When we are reactive even the weather affects us adversely. We wake up to rain, and react accordingly.

No let’s look at Habit 1: Be Proactive. What does a proactive response to this same happening look like? You just got a great prayer from a practitioner, you’re feeling good about your financial well-being, and you go out to the parking lot, and your car won’t start, you get it towed, and get an estimate for $500 in repairs. You can feel it starting – “Waaah!” But then, in that moment, you mentally call a halt and remember that this is a critical moment in your life. It’s the point of choice. You know how time stretches in certain moments, like during accidents? Well, you can stretch time right here too. The moment something happens, you can do this. Step aside and look to see what’s happening. 

You just made a new pact with the Universe when you asked that practitioner to pray with you about your finances. You said YES to greater wealth, YES to releasing yourself from debt, and YES to letting Spirit support you in this. Are you going to honor that pact, or the old one that says “I just can’t seem to get ahead!”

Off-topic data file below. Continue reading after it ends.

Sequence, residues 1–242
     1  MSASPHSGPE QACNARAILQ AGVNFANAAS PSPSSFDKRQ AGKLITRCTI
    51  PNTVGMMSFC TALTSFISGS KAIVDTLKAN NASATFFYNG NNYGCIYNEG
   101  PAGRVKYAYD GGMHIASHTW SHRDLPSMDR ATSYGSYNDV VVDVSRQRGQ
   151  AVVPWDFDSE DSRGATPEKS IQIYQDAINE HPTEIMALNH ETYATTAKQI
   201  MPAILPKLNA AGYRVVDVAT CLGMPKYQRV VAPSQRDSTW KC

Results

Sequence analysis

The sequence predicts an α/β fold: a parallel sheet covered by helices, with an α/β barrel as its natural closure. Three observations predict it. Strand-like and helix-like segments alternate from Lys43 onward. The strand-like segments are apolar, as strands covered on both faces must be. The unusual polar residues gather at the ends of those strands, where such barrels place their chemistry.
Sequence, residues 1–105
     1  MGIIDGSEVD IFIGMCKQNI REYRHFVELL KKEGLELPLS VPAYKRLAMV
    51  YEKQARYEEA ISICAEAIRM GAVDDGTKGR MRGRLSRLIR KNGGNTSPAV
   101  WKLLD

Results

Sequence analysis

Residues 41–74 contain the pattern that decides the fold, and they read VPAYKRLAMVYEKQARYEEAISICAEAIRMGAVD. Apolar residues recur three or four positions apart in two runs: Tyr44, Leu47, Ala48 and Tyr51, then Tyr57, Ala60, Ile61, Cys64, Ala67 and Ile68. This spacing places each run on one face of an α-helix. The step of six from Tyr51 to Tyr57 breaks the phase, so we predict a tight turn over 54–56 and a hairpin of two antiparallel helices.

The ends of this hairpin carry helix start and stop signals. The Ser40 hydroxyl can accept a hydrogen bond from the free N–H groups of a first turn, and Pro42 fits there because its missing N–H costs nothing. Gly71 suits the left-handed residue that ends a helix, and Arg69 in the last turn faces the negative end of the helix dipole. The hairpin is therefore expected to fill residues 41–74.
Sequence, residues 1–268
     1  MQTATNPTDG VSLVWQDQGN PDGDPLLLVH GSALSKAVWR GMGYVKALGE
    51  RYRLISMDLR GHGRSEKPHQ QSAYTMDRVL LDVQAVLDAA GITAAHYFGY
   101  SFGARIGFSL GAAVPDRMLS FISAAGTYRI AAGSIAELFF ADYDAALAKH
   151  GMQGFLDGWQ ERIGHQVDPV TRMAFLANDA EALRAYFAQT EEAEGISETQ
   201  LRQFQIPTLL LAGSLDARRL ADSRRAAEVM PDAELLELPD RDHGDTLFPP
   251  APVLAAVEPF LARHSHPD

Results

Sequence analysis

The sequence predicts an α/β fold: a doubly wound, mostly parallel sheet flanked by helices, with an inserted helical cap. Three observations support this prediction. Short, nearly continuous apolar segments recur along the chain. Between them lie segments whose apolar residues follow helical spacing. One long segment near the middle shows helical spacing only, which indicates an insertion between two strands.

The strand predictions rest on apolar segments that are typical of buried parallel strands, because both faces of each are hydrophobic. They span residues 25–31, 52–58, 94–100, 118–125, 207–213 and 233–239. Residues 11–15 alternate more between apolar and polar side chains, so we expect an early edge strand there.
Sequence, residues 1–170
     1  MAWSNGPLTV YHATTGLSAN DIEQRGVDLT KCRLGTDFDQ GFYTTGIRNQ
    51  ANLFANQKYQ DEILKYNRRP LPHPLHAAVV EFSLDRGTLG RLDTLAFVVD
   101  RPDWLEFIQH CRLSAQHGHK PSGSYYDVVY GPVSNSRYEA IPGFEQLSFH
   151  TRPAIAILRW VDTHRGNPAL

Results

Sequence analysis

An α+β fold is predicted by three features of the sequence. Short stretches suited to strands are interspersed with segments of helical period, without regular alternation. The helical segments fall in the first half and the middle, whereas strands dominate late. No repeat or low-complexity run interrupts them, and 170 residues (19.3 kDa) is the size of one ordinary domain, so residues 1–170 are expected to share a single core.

Viktor Frankl learned how to allow the deepest, most real part of himself to thrive during unimaginable deprivation and horror. He used his imagination to create a pact with the Universe — he projected himself into a mental future where he was teaching his students about the lessons he was learning right there in that death camp. They could take everything away from him, but this, they could not take away. Nothing external can ever take away these gifts of our humanity: Self-awareness, the ability to see ourselves in whatever situation we are in; conscience, the innate knowledge of what’s in harmony with God and what’s not; and independent will, the ability to choose our response to any situation.

So that’s what’s at the heart of Habit 1: Be Proactive. We take response-ability for our lives, and we cultivate the mental muscle to stop in any given moment, take a deep look at the situation we’re in, and make an informed choice as to how we respond. Wow. That’s grown-up stuff, isn’t it?  

Covey calls it the ability to subordinate an impulse to a value. See, in our imaginary scenario about the car breaking down, you’ve just created a value for yourself. You worked with a practitioner to create the value of financial freedom for yourself. Yet, in the circumstance of a car breakdown, the impulse is to revert to old patterns your brain set up to explain things, based on its best interpretation of events. That’s our animal nature speaking. But to be able to stop and ask ourselves, “what do I value here?” and choose toward that — now that’s the power of being human.